Mount SAC track and field announcer
Scott Davis, 66, a longtime track and field announcer and statistician who added to the prestige of the Mount San Antonio College Relays by attracting such stars as Marion Jones, Carl Lewis and Asafa Powell to the annual meet he directed, died Wednesday at his home in Cerritos.
Davis, who previously had overcome skin cancer and bone-marrow cancer, had been suffering from the effects of treatment for the cancer, said his wife, Cheryl.
A well-known voice of world-class track and field events in the United States, Davis called the action at U.S. track and field championships, U.S. Olympic trials, NCAA meets and at his alma mater UCLA, in addition to Mount SAC. He also served as English-language announcer at international meets.
Davis was the meet director for the Mount SAC Relays in Walnut from 1997 to 2007. The annual track and field extravaganza, held every April, is an early season test for athletes of all levels.
Known for keeping meticulous records, Davis co-founded the Federation of American Statisticians of Track and compiled the annual FAST index, a list of top statistical marks in the sport. He was secretary general of the Assn. of Track and Field Statisticians.
Davis was born Sept. 21, 1943, in San Francisco and ran track as a teenager. He studied at UCLA, where he earned a bachelor's degree in political science and a master's in systems engineering, and at what is now Cal State Northridge, earning a master's in math. He worked as a systems engineer and a college math teacher.
San Francisco restaurant owner
Ed Moose, 81, who owned two well-known San Francisco restaurants that attracted a mixture of celebrities, tourists and locals, died Aug. 12 at California Pacific Medical Center, a hospital spokeswoman said. No cause was given, but the San Francisco Chronicle reported that he had developed a staph infection after several surgeries.
Moose and partner Sam Deitsch owned the Washington Square Bar & Grill and later Moose's, both in the city's North Beach section. In their heyday, the restaurants attracted such celebrities as Tom Brokaw, Walter Cronkite and Tom Wolfe. Both have since closed.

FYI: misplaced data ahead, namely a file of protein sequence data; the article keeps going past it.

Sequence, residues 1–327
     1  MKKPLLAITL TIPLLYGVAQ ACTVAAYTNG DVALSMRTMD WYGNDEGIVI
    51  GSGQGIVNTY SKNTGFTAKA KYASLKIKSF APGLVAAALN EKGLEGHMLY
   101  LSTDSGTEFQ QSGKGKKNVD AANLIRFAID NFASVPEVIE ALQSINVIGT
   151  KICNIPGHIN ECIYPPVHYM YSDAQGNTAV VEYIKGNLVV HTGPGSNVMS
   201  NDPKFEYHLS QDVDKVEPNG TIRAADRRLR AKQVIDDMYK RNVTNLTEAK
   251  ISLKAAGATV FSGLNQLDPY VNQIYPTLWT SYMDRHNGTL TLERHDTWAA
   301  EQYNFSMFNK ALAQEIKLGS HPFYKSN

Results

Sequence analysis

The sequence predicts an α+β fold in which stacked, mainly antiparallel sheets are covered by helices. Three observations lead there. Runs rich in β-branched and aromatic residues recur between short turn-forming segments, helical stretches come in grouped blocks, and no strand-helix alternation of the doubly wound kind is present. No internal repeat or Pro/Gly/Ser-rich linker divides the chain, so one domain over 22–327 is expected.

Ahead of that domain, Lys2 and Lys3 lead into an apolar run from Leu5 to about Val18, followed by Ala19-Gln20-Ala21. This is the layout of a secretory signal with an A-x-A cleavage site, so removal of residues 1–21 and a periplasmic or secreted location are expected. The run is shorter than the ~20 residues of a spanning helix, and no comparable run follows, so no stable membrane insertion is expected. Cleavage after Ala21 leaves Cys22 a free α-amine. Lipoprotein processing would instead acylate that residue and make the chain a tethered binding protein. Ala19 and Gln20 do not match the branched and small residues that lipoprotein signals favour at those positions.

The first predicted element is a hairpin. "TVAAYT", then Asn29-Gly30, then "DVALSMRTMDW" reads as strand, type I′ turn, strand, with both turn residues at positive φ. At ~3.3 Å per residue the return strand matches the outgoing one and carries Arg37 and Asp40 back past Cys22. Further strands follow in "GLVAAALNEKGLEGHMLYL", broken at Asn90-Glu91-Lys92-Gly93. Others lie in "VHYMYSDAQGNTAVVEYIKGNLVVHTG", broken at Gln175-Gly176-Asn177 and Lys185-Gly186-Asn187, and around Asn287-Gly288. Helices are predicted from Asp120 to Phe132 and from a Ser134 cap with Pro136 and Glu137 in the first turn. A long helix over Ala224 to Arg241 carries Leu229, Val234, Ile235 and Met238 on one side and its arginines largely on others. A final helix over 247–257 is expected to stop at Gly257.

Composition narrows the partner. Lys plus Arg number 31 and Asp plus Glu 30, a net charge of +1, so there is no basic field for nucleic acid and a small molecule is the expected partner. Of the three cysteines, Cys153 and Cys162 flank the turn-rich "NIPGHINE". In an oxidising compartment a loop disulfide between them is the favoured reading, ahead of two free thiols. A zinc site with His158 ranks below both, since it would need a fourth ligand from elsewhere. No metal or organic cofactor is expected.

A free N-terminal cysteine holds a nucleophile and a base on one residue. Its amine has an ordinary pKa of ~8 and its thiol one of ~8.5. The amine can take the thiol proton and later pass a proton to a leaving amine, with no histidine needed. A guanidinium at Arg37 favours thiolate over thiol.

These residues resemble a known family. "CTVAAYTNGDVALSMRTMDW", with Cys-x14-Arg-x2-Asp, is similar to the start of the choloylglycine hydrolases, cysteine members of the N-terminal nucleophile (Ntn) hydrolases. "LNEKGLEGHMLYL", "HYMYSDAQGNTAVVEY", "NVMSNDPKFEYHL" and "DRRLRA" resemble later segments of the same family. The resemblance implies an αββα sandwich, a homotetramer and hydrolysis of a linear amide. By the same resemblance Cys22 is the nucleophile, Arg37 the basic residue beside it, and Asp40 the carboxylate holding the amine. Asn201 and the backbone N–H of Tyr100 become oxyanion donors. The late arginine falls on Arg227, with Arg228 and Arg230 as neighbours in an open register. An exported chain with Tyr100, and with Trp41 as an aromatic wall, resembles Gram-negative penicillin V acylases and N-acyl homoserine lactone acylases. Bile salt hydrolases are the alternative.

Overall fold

Moose was born in St. Louis in 1929. He was a newspaper reporter and political strategist before getting into the restaurant business.
In 1973, Moose and Deitsch opened the Washington Square Bar & Grill, which Chronicle columnist Herb Caen nicknamed "the Washbag." They sold the restaurant in 1990 and opened Moose's the same year. Deitsch died in 2002.
Literary critic and Shakespeare scholar
Frank Kermode, 90, a respected literary critic and Shakespeare scholar, died Tuesday in Cambridge, England, according to publisher Alan Samson.
Regarded by some as Britain's foremost critic, Kermode was instrumental in the creation of the London Review of Books, and his accessibility made him a kind of bridge between the world of academic literature and novels as they were read by everyday people.
Kermode was perhaps best known for his influential book, "The Sense of an Ending" — a witty meditation on the relationship between fiction and crisis. He also was a respected student of Shakespeare and would return to the Bard often over the course of his career, which took in such topics as the Bible and deconstructionist theory.
Kermode was born Nov. 29, 1919, on the Isle of Man. Raised in modest circumstances, he would eventually become an establishment figure, writing for the New Statesman and the Guardian as well as judging Britain's prestigious Booker Prize.
Former Saudi envoy to Britain
Ghazi Algosaibi, 70, a former Saudi ambassador to Britain who often represented his country at international forums and was known for his poetry and liberal religious views in an overwhelmingly conservative country that banned his writings, died Sunday at a hospital in Riyadh, Saudi Arabia, from colon cancer that had spread to his stomach, relatives said.
Algosaibi had a distinguished career in public service. He headed the ministries of health, electricity, water, industry and labor. He served in the high-profile post of ambassador to Britain from 1992 to 2002.
The scion of a wealthy trading family stretching between Saudi Arabia and Bahrain, Algosaibi studied at the University of Cairo, the University of London and USC, where he earned a master's degree in international relations.
Algosaibi, who was close to the kingdom's ruling family, spoke out against terrorism and extremism and called for democratic reform in the kingdom while recognizing that it needed to be a very gradual process.
He also was a prolific novelist, poet and columnist. His writings were banned in Saudi Arabia because they frequently voiced criticism of ruling regimes in the region and often presented a satirical depiction of social and political mores.
It was only in the last month that the Saudi Culture Ministry lifted the ban on his writings, citing his contributions to the kingdom.
— Times staff and wire reports
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